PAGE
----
Serial Monitor with incorrect output

I am doing tutorial 3 on my arduino basics book, when I press the button on my tact switch, the led connected to pin 13 turns off, which means that the circuit and the arduino board are fine, but my serial monitor is only showing 0 (default button state is 1, when the button is press, the button state is 0), I don't know what is happening, but here is my code

const int buttonPin=13; int buttonState=0; void setup(){ pinMode(buttonPin,INPUT); Serial.begin(9600); } void loop(){ buttonState=digitalRead(buttonPin); Serial.print("The button state is "); Serial.println(buttonState); delay(1000);

schematic diagram }http://imgur.com/pLI8CT4

Your tact switch isn't the reset button is it? Only you're not doing anything in your sketch to affect the LED on pin 13.

No, reset button is on my arduino board, and the tact switch is on a bread board

We need to see the schematic: we don’t all have that book.

According to your sketch you have the button on pin 13. Yet you also mention the LED being on pin 13. Further to this, there is also an LED onboard the arduino that is attached to pin 13. Furthermore, when the arduino boots up, the bootloader writes to pin 13 to signal that it is running.

I suggest you move everything off of pin 13, put your button and your LED on two separate pins (maybe 11 and 12) and also try dong some writing to the LED pin (but do NOT write to your button, this could damage your arduino).

I have the schematic now, you can take a look. http://imgur.com/pLI8CT4 The led is actually on the arduino board itself, and not in my project. Btw I'm using a UNO instead of a UNO R3 PLUS, because of driver issues.

From http://arduino.cc/en/Tutorial/DigitalPins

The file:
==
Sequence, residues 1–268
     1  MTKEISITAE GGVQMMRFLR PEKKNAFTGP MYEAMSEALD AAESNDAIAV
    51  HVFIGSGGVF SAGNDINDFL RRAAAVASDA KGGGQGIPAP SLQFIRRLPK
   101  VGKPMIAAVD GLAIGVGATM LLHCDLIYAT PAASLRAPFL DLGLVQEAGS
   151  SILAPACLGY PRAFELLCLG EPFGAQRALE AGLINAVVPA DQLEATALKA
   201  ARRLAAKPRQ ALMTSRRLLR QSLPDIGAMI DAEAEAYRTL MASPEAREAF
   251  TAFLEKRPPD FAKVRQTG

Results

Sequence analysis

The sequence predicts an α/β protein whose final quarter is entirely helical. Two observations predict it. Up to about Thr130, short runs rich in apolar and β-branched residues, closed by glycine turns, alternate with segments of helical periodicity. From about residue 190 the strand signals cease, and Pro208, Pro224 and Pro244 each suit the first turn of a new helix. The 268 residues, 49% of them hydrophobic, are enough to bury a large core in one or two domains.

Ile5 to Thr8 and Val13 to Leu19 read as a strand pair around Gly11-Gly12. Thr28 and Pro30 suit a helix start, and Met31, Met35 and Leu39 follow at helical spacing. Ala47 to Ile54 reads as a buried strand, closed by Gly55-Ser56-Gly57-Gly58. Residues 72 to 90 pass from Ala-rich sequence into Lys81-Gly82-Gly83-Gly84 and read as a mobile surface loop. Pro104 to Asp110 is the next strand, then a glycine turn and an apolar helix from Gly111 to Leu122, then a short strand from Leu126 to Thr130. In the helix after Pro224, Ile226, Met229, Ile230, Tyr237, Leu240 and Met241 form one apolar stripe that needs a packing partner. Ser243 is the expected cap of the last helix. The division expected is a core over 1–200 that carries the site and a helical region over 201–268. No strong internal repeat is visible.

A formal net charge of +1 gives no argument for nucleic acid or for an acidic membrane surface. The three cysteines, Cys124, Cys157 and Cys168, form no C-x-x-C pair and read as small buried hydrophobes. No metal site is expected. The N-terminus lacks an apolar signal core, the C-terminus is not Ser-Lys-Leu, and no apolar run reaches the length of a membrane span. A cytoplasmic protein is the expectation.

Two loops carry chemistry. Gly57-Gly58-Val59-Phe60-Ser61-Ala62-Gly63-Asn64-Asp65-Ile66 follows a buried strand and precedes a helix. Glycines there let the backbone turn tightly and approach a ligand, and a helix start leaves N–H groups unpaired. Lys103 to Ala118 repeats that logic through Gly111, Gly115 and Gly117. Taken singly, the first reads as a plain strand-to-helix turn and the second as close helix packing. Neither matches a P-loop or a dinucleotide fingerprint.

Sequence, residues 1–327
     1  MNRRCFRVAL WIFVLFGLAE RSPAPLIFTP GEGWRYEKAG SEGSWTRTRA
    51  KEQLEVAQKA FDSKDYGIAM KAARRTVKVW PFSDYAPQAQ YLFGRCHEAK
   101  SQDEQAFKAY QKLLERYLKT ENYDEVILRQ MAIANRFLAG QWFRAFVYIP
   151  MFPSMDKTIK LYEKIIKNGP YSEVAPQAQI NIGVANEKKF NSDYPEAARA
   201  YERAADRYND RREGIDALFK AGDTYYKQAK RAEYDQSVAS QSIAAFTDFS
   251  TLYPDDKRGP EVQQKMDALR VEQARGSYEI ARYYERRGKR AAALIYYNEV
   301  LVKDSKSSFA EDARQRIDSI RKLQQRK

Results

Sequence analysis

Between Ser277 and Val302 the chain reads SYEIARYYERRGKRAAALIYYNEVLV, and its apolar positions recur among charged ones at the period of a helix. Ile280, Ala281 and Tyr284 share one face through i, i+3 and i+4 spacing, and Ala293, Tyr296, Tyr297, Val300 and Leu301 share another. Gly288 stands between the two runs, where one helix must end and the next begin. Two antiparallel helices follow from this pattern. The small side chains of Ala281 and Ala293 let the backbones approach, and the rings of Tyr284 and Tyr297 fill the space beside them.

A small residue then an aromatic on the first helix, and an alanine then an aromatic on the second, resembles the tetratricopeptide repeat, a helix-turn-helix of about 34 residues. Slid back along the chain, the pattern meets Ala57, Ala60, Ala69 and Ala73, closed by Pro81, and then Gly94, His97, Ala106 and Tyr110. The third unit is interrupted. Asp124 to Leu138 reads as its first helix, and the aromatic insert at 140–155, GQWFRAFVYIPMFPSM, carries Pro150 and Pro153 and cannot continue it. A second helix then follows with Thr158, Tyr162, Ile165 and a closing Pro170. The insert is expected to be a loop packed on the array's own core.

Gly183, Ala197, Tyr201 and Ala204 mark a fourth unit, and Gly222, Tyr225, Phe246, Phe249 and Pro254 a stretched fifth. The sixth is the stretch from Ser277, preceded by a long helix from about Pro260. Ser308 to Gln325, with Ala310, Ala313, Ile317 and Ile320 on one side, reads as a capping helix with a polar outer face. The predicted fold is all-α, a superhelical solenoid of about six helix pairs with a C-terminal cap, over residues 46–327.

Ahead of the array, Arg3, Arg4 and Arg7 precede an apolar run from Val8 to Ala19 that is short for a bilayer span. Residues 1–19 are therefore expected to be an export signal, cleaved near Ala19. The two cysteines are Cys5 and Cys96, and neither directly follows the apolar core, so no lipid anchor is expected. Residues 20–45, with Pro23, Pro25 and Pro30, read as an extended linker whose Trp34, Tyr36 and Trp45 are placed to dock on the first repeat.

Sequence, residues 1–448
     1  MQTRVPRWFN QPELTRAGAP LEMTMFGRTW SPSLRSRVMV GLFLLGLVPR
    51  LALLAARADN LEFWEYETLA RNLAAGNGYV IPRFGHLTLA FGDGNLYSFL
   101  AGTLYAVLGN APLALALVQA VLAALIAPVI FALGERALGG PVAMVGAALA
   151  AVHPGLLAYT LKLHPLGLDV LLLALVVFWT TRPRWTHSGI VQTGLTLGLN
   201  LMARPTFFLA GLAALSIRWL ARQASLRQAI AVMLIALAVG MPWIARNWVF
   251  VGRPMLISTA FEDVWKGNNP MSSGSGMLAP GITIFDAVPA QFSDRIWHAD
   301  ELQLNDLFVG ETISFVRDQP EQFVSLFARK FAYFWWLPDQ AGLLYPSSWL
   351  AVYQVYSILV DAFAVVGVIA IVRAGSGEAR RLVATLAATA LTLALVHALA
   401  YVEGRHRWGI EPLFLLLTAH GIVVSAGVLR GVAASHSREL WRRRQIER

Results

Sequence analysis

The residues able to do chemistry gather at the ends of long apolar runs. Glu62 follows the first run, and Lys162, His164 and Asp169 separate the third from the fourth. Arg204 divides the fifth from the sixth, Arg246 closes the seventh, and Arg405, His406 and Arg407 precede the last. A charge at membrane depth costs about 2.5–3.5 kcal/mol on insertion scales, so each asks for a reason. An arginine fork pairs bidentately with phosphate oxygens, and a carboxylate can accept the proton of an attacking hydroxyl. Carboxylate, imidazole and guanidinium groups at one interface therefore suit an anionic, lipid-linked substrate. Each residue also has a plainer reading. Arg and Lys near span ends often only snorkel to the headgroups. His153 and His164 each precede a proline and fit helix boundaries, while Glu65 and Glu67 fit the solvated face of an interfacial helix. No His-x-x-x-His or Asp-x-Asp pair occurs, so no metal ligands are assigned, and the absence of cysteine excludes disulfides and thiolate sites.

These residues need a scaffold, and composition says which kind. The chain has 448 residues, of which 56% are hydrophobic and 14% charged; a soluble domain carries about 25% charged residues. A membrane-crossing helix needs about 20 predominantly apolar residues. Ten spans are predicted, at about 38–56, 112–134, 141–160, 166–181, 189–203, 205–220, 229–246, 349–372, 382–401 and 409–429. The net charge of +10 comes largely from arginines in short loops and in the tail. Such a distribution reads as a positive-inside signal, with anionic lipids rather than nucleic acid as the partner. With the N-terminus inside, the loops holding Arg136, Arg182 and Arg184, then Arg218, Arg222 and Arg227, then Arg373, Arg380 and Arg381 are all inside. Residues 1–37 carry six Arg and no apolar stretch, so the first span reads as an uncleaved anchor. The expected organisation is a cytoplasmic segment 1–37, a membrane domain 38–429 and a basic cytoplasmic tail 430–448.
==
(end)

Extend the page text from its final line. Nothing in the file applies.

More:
NOTE: Digital pin 13 is harder to use as a digital input than the other digital pins because it has an LED and resistor attached to it that's soldered to the board on most boards. If you enable its internal 20k pull-up resistor, it will hang at around 1.7V instead of the expected 5V because the onboard LED and series resistor pull the voltage level down, meaning it always returns LOW. If you must use pin 13 as a digital input, set its pinMode() to INPUT and use an external pull down resistor.

If the default button state is 1, then you must be using an external pullup resistor to 5v, since I don't see you using INPUT_PULLUP.

Change your your wiring to use a pull down resistor from pin 13 to ground and use the switch between 5v and pin13. See the schematic in this tutorial http://www.thebox.myzen.co.uk/Tutorial/Inputs.html

That circuit is just providing 5v to the onboard LED through the resistor. When you close the switch you block that signal. The arduino is NOT doing anything, It's just the onboard LED, your resistor to 5v and your switch blocking it.

Maybe that's the sole point of this tutorial. It doesn't matter what sketch you have on the arduino. It's just a button turning off an LED.

It was unfortunate that this tutorial chose pin 13. As the LED will be holding the voltage down to below the threshold that registers as a high. Try changing to pin 12 (and alter your sketch to use pin 12). Although the LED will no longer be affected (it's hardwired to pin 13), you should start seeing a 1 come up on your serial monitor when you haven't got the button down.

I changed it to pin 12, and it worked perfectly, you are absolutely amazing my friend!

Good spot, Ken